Morning comes, I shower up and it's off to work I go! Well, not so much work, but studying, anyway. Reading a book, watching some DVD's and taking quizzes. But before I go on, a note about the shower situation in Thailand. They don't do the whole "heated" water thing there. I mean, it's not a big deal; it's really warm there, and the water is by no means uncomfortable. It's just strange to realize how much you take for granted sometimes. I didn't have a hot shower for 2 weeks... but I gotta say, there's something invigorating about that cool shower in the morning, and refreshing after a day spent in the sun and diving in the ocean. It's actually quite nice. OK, moving on. After a morning of book learning and a lunch of pad thai, we started the practical stuff in the afternoon. Walter, my dive instructor, showed us all the gear, how to put it together, how to test it all and make sure it's working, and how to take it apart. Then it was our turn. "Our," in this case, is Greg and I. Greg's an insurance broker from Brussels, and travelling with his adorable Belgian girlfriend, Emilie. She was supposed to be diving with him, but she got scared and bailed... I tihnk he was a little bitter at having to do this whole class with me instead of his girl, but who could blame him? Poor guy...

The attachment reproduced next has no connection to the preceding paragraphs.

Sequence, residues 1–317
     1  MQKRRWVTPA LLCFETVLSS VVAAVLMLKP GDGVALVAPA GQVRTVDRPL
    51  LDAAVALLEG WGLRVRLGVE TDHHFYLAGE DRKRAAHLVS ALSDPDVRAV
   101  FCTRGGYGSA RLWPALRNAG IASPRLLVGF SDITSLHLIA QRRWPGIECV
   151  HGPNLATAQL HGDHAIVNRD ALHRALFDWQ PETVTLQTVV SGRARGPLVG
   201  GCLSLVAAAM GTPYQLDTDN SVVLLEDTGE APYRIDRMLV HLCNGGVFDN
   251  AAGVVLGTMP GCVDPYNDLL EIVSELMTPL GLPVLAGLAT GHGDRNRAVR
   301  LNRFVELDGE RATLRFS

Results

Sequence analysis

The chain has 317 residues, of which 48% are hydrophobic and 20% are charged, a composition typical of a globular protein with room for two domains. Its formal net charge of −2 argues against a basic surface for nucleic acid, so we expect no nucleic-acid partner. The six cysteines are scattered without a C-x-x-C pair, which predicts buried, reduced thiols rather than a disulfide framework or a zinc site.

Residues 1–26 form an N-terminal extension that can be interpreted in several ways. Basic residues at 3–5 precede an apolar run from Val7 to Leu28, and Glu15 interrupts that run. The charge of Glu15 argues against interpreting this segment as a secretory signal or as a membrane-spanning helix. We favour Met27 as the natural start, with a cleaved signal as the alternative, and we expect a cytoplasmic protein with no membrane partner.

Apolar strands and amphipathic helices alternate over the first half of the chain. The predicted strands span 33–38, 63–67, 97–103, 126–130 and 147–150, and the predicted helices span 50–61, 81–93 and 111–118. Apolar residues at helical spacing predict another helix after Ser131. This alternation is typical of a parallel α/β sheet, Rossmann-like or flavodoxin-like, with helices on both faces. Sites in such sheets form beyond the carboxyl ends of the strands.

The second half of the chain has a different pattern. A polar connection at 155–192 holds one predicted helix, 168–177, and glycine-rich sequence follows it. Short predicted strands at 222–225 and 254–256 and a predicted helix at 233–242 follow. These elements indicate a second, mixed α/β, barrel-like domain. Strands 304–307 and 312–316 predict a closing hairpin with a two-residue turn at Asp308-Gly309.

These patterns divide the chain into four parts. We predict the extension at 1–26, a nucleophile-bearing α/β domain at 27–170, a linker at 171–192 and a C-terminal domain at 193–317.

So, we got everything prepared. Not without a little difficulty -- there are several steps which after you've done it wrong and see why you have to do things in a certain order, seem like common sense. At first though, it's all a bit trial and error. Then we took everything apart. Then put it together again. And took it apart again. Then put it together again, and so on... When it was finally starting to feel fairly natural, Walter stopped us, told us to leave everything on, we were going to the beach! Time to actually dive in (or in this case, walk in) and, you know, breathe underwater! I was really excited, but anxious, nervous, and jittery would also be good adjectives to use here.
So, geared up and ready to bounce, we grabbed our masks and fins and strolled to the beach. Let me just say that a canister filled with 200 bars of compressed air, along with a BCD (buoyance control device) and wetsuit is really quite heavy, and not at all pleasant to go walking through the streets in, dodging carts and tourists and bicycles and shit along the way. But we made it, trudged down through the sand and headed out into the water. And then everything went wrong! But I'll save that for next time... a little suspense never hurt nobody.
Well, sorry, but I just can't do it. I don't want you all worrying yourselves into a frenzy, so I'll admit that I lied. Nothing went wrong. At least, nothing, you know, life-threatening... Cue the scary music! Cue it!